In my last post I touched on the essentials of a good opening for genre fiction novels: character, conflict and setting. I prefer the more memorable, alliterative rendition: a person, in a place, with a problem. (A while back I offered a simple method for generating story ideas using this approach. It’s right here in case you missed it.)
In my classes, there’s often great consternation when I discuss this approach to story building. “It’s too formulaic, too pat, too restrictive, too… whatever.” Nonsense. It’s merely a plausable framework for creating interest in virtually any sort of fiction. A more cogent question is: how profound should the opening problem be?
If one takes the position that good stories feature characters who evolve as a result of the challenges they face, then the story-opening problem should not be the climactic issue. A good example is captured in this photo which recently went viral. If, for instance, we’re writing a story about a gutsy rescue worker, this might be an episode we’d want to use later, indeed much later, as something we could work toward. Opening the story with our hero dangling from a chopper while a great white shark attacks him doesn’t leave us much room for growth. After all, the best genre novels require a continuum of ever-increasing drama (often called “try/fails”) which ultimately lead to a single climactic event. The chopper and the chompers shown here seem like a perfect fit for the climax.
But wait! We could be missing some opportunities here. What if the story isn’t about the poor schlub on the rope ladder? What if it’s about the chopper pilot? Let’s call her Wanda, and maybe the dangling daredevil is Calvin, her fiancé. That could make for an interesting tale. Did they have an argument before starting their air rescue shift? Could Wanda be looking for a way out of her wedding? Maybe she’s just trying to get even with Calvin for something he did, innocently or not. On the other hand, she could be daydreaming about their upcoming nuptials, blissfully unaware of the gigantic eating machine about to turn poor Cal into an hors d’oeuvre.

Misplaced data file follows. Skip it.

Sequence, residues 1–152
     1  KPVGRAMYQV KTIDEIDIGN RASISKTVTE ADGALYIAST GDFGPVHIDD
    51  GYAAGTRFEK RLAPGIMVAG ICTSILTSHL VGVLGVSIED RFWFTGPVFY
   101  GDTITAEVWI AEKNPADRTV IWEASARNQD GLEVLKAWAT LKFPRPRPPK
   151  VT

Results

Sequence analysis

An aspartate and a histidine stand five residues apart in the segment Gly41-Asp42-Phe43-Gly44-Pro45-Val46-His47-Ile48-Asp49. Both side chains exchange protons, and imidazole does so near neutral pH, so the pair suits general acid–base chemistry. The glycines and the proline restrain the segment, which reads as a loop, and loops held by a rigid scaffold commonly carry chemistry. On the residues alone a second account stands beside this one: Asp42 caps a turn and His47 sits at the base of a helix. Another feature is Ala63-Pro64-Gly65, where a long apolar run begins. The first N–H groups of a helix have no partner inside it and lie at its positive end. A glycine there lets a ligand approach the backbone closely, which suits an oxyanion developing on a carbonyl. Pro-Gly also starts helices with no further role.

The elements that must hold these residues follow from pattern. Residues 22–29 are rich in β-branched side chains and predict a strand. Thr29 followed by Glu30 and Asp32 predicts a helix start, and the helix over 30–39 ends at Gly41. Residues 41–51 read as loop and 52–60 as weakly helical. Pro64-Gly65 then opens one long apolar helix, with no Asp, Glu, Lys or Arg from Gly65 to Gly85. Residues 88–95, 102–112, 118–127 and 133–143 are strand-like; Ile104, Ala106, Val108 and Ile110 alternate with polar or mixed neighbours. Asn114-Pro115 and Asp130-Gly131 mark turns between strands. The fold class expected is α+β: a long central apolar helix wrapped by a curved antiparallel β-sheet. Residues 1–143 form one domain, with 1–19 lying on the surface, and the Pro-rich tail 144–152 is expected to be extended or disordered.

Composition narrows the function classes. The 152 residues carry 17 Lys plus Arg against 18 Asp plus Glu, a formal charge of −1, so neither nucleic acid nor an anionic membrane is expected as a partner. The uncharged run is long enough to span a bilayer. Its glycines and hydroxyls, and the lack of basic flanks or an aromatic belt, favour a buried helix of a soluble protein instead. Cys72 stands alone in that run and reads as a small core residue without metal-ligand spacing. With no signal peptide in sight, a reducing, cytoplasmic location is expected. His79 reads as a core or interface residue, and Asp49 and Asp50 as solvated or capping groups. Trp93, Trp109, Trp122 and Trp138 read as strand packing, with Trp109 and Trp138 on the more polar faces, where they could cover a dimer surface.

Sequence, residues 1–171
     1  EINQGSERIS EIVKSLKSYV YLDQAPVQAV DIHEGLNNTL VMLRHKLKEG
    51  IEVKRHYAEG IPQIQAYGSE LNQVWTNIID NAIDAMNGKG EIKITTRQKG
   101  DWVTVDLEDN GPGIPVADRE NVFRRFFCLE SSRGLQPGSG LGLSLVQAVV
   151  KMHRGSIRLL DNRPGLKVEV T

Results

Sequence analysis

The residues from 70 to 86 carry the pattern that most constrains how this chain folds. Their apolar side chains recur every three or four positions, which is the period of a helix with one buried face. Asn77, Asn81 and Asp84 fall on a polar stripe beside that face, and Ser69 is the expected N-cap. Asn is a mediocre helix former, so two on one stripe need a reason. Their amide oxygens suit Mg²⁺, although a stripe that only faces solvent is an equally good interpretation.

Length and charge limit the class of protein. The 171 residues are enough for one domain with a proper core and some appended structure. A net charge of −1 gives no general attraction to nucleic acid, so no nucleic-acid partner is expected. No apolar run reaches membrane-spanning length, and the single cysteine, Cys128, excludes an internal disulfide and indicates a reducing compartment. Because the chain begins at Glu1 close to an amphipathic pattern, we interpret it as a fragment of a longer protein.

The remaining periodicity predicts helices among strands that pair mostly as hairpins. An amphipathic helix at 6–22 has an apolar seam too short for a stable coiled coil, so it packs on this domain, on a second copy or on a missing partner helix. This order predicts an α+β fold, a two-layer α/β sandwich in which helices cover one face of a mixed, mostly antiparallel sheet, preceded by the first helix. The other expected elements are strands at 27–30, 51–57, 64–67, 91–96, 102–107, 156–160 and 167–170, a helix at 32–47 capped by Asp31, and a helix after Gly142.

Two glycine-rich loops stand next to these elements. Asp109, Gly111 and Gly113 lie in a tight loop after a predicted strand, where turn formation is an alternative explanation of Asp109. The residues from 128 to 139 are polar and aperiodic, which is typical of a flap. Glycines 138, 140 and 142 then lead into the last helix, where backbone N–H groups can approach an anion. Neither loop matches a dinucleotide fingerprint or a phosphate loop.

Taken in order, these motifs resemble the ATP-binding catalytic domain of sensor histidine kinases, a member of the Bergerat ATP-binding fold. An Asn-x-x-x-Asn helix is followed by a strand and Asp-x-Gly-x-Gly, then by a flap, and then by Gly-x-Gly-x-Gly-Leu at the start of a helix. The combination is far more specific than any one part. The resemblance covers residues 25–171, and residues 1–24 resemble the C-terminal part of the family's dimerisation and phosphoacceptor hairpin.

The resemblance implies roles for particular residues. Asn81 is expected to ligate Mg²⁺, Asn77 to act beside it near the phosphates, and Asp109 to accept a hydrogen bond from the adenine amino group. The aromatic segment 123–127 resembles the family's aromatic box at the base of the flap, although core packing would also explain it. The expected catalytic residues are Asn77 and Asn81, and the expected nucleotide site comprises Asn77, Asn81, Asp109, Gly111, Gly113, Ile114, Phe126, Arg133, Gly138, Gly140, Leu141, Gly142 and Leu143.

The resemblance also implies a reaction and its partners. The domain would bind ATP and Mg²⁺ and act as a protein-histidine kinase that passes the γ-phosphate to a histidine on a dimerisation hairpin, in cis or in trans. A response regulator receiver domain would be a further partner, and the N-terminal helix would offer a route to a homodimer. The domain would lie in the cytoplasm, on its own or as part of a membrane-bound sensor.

Our intrepid adventure addict, on the other hand, will either survive or not; there isn’t a whole lot we can do with him after this, aside from handing him a change of underwear or posting his obituary.
Other tale-telling options would include making the story about the shark, or the people maintaining the chopper, or whoever photographed the carnage. In any of those situations, one could conceivably begin with the principal subject in the photo. For most writers I suspect the situation is so dramatic, however, it would be nearly impossible not to use it climactically.
Ah, but there’s the challenge. How could you start here and still amp up the drama? That’s what real writers do. Don’t accept the obvious. Don’t take the path readers expect. Don’t limit yourself to any of the first ten things that come to mind. Instead, open yourself up to other opportunities. They’re legion. You just have to look for them.
I’ll suggest some ideas for doing just that, next time.